Peyronie's disease FAQs
What is it?
A condition in which the penis becomes curved during an erection.
What are the main symptoms?
- Hard lumps, known as plaques, form in the fibrous erectile tissue of the penis.
- A plaque usually forms on the top of the shaft, causing the penis to bend upward.
- A plaque on the underside causes it to bend downward.
- If the plaque develops on both the top and the underside of the penis this can lead to indentation and shortening of the penis.
- The thickened area may be painful when the penis is erect.
- It can be difficult to get an erection (the plaques may obstruct blood flow in the penis). The anxiety caused by Peyronie's disease can also impair sexual performance and be a psychological cause of impotence.
- The pain and the bending of the penis may physically prevent sexual intercourse.
What's the risk?
About 80,000 men in the UK are thought to have Peyronie's disease. However, one study suggested that as many as 1% of men are affected by the condition.
- Men aged 50—60 are most at risk, although the disease occurs in younger and older men.
- There is some evidence of a familial link to Peyronie's disease — a man with relatives affected by the condition is more vulnerable to developing it.
N.B. The lumps in Peyronie's disease are benign and not linked to cancer of the penis. Nor is it caused by sexually transmitted infections, such as gonorrhoea.
What causes it?
Doctors are not entirely certain what causes Peyronie's disease. Many experts believe it is the result of damage to the penis, causing internal bleeding. There is some evidence that the elasticity of the penile tissues is reduced in older men and that minor damage may occur (without any obvious outward signs) during sexual intercourse. Some cases may be caused simply by turning over in bed while asleep with a nocturnal erection.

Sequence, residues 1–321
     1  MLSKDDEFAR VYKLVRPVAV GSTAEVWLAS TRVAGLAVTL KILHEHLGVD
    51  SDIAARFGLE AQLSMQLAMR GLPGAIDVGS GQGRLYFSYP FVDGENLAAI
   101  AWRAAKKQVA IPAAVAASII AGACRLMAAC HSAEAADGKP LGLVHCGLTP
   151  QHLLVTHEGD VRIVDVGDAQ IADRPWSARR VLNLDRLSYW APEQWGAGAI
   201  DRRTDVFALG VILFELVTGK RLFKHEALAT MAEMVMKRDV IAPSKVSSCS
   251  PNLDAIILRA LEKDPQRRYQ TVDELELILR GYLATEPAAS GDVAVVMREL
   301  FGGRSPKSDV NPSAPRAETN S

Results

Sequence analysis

In mild cases the plaque does not advance beyond an initial inflammatory stage, but in severe cases tough fibrous tissue develops and calcium deposits may even build up.
While injury may cause some cases of Peyronie's disease, most cases develop slowly and after no apparent trauma.
Severe hypospadias, where the opening of the urethra is on the wrong part of the penis, can also cause curvature of the penis. This condition is different from Peyronie's disease, however.
How can I prevent it?
You can't, except perhaps by avoiding sexual acts which might damage or over-stretch the penis.
Should I see a doctor?
If you notice lumps in your penis, you should go straight to your GP. There is no need to worry about having an examination: it may be embarrassing, but doctors are very familiar with Peyronie's disease. They can also rule out any other possible causes.
If you have only had the problem for a short time the doctor may ask you to come back in a month or so if the problem persists. But if you are in pain, or if the condition is affecting your sex life and relationship, insist on a referral to a consultant or to another GP with a special interest in sexual problems. There are also special NHS clinics to treat male sexual problems.
You will need to have a physical examination. No medical tests are usually necessary.
What are the main treatments?